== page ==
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Thread: Pumping at work beyond a year:

  1. #11
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    Default Re: Pumping at work beyond a year:

    Quote Originally Posted by @llli*sonogirl View Post
    More than anything, I suppose I just worry about having these conversations because I am the first person who has even pumped a full year in my company, let alone beyond! I need to just tough up and work it out, though.
    Some women are really empowered when they think about the fact that they are not just advocating for themselves, but advocating for every woman who comes behind them. I think you really will be doing others a service too if you are open about breastfeeding your toddler. It sounds like your workplace has been really supportive which is great!

  2. #12
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    Default Re: Pumping at work beyond a year:

    When you pump wean how do you get the child used to the idea of no mommy milk available? esp. for those of us who don't do cows milk and use other milks sparingly?
    I actually didn't do that. I left some milk of mine behind every day while pumping, and then recently she just didn't want it. My LO drinks water for the most part, and then once a day or so some coconut water and sometimes apple juice diluted with water. She also has smoothies every couple days (one area we use almond milk and we do use yogurt sometimes). I was worried when she started daycare that she'd have a hard time because all the other kids get milk. I sent some rice milk for her and I don't think she drank much of it, so I stopped with that. A few times she's said she wants milk at school, but she only says that at random times once in a while. We're not really in the habit of sitting around drinking milk of any kind, so I think that's just how it is for her.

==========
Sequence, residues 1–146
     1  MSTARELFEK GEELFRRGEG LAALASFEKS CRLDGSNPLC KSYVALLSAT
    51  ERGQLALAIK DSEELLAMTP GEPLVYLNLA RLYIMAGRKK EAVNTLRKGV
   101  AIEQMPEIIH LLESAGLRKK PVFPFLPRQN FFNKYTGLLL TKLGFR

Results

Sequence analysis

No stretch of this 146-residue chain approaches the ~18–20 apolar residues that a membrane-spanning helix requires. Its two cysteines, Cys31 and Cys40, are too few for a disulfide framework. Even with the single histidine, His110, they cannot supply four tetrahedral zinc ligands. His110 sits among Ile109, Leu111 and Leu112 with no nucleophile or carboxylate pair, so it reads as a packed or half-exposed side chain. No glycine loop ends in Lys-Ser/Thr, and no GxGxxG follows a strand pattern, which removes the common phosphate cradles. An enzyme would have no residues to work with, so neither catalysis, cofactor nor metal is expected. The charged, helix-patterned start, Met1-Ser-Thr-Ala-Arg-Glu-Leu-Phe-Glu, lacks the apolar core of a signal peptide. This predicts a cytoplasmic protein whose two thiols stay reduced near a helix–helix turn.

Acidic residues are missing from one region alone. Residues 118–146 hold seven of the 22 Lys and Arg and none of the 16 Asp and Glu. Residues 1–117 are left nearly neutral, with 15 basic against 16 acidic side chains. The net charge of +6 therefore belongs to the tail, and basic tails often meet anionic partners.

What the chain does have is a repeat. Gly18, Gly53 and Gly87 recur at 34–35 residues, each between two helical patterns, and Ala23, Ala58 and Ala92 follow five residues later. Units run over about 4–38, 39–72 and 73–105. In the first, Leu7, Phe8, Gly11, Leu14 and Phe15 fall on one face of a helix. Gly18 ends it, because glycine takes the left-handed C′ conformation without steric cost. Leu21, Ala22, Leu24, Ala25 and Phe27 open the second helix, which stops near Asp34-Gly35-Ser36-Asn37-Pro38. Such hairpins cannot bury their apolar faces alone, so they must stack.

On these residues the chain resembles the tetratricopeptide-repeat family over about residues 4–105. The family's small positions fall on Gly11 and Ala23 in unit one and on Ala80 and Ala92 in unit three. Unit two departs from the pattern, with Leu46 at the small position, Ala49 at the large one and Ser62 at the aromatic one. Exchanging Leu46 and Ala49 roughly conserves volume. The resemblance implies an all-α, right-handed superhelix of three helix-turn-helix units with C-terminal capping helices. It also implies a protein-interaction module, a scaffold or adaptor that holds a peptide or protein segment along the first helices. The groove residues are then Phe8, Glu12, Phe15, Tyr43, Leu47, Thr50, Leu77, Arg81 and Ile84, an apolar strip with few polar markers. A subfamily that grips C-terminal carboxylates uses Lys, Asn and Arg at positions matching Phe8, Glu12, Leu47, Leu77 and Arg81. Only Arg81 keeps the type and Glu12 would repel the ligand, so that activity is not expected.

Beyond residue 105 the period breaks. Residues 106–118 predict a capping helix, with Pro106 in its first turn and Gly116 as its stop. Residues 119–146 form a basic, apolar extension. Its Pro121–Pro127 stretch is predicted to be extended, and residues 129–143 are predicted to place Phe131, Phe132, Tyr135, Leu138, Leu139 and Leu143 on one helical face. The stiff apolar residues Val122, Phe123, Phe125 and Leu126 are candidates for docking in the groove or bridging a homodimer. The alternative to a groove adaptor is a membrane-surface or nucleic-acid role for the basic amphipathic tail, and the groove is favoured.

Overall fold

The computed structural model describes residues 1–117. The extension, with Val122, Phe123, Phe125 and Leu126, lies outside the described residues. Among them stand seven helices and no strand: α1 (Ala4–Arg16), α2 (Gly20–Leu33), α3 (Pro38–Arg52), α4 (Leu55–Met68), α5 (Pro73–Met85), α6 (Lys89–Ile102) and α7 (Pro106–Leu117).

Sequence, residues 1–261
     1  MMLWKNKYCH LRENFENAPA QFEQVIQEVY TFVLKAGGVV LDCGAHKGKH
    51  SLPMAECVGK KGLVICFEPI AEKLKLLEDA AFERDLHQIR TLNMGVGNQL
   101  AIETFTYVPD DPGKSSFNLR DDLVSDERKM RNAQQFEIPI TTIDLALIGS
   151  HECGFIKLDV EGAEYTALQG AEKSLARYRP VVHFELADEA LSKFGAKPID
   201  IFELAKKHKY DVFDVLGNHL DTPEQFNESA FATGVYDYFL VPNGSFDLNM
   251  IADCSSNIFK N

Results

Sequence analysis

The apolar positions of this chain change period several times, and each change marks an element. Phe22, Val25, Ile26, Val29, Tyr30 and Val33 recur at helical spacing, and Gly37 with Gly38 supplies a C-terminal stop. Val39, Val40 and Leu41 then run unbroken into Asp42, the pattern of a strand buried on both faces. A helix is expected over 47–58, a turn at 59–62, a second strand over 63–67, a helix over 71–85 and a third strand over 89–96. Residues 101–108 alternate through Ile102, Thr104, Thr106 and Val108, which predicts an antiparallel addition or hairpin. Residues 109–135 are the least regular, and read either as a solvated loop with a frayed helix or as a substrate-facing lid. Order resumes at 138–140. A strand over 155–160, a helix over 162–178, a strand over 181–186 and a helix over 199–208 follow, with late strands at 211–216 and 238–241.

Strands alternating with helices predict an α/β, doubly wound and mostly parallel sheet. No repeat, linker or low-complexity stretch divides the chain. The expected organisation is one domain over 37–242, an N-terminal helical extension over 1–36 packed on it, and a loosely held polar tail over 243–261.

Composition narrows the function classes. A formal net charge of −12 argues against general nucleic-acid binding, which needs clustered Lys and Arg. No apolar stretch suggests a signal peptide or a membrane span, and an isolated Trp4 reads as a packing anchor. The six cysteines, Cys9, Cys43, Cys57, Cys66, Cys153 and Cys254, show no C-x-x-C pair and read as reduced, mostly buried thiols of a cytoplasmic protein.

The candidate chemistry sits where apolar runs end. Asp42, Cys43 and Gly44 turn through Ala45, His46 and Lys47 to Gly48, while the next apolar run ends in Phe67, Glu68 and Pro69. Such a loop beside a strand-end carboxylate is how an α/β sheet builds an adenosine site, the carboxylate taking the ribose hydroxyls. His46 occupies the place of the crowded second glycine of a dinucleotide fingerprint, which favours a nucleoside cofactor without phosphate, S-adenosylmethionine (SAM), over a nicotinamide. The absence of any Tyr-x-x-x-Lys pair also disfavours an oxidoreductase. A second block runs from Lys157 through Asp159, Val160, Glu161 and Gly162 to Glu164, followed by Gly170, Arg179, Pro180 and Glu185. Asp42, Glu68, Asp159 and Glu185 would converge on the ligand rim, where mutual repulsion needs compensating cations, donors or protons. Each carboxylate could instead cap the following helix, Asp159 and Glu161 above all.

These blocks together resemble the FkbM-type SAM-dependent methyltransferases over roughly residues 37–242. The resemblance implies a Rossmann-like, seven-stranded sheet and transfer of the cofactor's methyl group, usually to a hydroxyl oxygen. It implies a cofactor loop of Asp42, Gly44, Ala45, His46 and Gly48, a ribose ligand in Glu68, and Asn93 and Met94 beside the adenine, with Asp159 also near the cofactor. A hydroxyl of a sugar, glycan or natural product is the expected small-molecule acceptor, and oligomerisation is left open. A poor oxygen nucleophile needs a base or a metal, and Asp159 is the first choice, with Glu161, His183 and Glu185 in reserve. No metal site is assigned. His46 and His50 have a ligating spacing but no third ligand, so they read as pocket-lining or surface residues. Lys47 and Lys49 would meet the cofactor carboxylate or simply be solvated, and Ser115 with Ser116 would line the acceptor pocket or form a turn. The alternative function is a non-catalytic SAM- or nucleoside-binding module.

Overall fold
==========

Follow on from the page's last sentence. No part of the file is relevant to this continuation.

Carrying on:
For sonogirl, regarding talking about it at work -- my tactic (although it's my style and probably not everyone's) was to just talk about pumping like it was anything that was part of my day. I'd just say to co-workers, "I need to leave this meeting early to go pump," or some such thing. Some men at our office have complained about how they think pumping and breastmilk is gross, so I probably played it up a little to annoy them! But I think a lot of people just followed along with my comfort level. I think since you'll be doing it so little now, and because you really could skip pumping if it just didn't match up to your schedule a day or two here and there (happened to me occasionally), it shouldn't be a big deal for your employers, provided they are reasonable humans.
    Mom to my sweet little "Pooper," born 10/12/11, and "Baby Brother," born 6/23/2014, and married to heavy metal husband. Working more than full-time, making healthy vegetarian meals for family, and trying to keep up with exercise routine.

  3. #13
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    Default Re: Pumping at work beyond a year:

    Quote Originally Posted by @llli*sonogirl View Post
    I definitely plan to drop one, if not two, sessions after her 1st birthday in November. I do sort of feel like at minimum, I would like to keep one pump a day just for supply purposes, f'or a while. She eats solids really well--I don't think I need to even bring cow's milk in. I just want a gentler transition to water from my milk.